The shields were installed in 2014 in conjunction with a recall involving the same set of vehicles, which cover the model years 2011 through 2014. A review of warranty data led to an FCA U.S. investigation that discovered the problem. FCA says it is aware of one potentially related accident, but no injuries.
The shields are designed to keep water away from the boosters, lest it cause corrosion or freeze in cold temperatures and negatively affect brake performance. Brakes will still function even if boosters are compromised by water, FCA says, but drivers may experience brake-pedal firmness. In some cases, a potential booster issue may trigger a warning light or activation of the anti-lock brakes.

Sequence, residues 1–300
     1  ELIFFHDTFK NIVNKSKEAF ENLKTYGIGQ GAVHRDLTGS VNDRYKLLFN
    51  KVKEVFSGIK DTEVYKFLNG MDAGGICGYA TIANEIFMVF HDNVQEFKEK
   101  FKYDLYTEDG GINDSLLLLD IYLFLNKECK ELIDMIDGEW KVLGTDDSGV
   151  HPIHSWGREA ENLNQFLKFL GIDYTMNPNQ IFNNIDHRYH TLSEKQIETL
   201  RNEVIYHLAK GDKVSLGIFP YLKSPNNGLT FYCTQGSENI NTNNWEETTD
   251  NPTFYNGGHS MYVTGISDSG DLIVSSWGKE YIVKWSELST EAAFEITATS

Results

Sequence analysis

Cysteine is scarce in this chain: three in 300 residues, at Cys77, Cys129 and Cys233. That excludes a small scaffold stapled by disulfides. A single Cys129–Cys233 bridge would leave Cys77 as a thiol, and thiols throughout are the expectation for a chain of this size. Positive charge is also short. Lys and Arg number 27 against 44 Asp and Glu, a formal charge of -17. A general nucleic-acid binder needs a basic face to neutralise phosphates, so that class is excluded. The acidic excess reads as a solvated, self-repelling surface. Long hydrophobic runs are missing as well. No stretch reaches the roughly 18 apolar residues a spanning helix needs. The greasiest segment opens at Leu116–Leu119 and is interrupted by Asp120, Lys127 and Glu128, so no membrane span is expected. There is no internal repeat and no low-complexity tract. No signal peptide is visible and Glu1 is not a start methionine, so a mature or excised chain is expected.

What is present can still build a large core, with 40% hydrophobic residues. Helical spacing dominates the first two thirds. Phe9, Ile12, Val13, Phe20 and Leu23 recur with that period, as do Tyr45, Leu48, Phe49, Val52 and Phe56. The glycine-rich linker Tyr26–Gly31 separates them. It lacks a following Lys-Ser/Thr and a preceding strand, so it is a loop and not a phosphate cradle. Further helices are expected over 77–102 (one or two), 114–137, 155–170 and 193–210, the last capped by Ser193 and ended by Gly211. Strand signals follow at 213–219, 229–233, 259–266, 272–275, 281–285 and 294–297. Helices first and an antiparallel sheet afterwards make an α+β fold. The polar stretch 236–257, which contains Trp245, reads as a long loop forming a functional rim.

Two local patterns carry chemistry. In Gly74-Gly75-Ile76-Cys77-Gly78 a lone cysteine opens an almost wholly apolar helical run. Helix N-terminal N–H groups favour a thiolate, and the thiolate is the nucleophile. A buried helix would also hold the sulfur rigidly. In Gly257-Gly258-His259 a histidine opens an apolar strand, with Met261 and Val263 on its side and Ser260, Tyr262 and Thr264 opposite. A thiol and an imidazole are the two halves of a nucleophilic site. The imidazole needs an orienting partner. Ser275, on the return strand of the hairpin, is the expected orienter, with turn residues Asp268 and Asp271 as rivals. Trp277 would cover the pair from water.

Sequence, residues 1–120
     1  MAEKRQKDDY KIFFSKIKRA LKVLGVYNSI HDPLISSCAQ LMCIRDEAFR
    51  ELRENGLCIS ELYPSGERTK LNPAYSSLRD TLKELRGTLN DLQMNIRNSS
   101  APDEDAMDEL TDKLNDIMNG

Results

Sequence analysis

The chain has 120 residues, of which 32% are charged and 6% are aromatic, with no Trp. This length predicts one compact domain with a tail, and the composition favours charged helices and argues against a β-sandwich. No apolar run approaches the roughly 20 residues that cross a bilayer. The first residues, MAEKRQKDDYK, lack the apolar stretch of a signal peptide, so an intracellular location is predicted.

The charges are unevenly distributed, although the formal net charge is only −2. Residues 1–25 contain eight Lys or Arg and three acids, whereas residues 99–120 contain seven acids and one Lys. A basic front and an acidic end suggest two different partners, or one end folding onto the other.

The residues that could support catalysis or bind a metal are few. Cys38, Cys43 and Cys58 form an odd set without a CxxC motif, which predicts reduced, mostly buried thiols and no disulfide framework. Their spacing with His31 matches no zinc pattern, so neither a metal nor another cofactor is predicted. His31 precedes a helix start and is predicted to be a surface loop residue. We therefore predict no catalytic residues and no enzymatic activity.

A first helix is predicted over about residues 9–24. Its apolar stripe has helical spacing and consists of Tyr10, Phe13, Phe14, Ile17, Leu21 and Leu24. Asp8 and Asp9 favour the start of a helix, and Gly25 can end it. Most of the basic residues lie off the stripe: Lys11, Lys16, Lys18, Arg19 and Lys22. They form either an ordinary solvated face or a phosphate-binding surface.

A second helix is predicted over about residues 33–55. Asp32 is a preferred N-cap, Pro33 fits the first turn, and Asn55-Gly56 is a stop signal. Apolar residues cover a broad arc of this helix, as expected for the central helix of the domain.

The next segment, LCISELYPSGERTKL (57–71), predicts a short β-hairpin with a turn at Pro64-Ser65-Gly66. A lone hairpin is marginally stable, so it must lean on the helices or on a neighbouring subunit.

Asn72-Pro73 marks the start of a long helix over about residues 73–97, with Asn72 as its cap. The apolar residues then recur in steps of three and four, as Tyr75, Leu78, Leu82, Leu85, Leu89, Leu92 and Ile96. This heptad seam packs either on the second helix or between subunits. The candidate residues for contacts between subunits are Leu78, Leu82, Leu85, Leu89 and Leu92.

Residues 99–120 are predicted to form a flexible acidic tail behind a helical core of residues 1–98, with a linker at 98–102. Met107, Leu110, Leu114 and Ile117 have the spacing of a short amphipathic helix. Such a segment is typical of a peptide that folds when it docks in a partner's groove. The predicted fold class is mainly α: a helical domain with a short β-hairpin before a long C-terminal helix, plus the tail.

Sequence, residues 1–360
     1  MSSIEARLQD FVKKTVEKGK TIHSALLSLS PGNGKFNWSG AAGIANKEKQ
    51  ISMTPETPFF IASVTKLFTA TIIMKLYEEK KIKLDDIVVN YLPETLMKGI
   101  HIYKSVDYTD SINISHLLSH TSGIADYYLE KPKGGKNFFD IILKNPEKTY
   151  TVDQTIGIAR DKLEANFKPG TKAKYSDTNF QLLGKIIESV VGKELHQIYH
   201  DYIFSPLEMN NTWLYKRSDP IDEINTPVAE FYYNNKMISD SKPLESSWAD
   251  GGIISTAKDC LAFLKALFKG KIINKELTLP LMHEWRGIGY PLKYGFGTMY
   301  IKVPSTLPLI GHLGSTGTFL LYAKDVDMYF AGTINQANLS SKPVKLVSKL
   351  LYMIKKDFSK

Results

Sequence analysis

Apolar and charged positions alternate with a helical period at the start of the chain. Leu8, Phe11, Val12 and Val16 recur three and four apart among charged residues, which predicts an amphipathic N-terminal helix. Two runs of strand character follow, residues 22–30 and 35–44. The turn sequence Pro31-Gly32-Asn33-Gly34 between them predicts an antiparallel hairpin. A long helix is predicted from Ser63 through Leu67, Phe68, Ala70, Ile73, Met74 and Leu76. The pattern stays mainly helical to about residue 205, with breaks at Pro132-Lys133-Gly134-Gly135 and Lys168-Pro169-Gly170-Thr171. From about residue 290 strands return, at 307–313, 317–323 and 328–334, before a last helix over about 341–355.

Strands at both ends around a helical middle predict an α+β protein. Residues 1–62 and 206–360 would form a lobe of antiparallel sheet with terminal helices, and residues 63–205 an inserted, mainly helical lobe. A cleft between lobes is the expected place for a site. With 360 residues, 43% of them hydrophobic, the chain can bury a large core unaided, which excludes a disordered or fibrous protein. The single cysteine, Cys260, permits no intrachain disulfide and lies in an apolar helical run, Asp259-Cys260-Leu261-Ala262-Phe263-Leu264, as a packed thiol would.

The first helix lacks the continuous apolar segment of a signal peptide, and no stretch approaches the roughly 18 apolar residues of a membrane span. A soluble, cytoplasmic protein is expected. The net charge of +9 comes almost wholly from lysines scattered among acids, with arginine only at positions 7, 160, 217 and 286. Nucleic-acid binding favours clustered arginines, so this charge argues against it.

Customers who've observed any of those conditions are urged to contact their dealers. The automaker says it plans to notify affected owners that free service to check and repair the issue if necessary will be available in early November.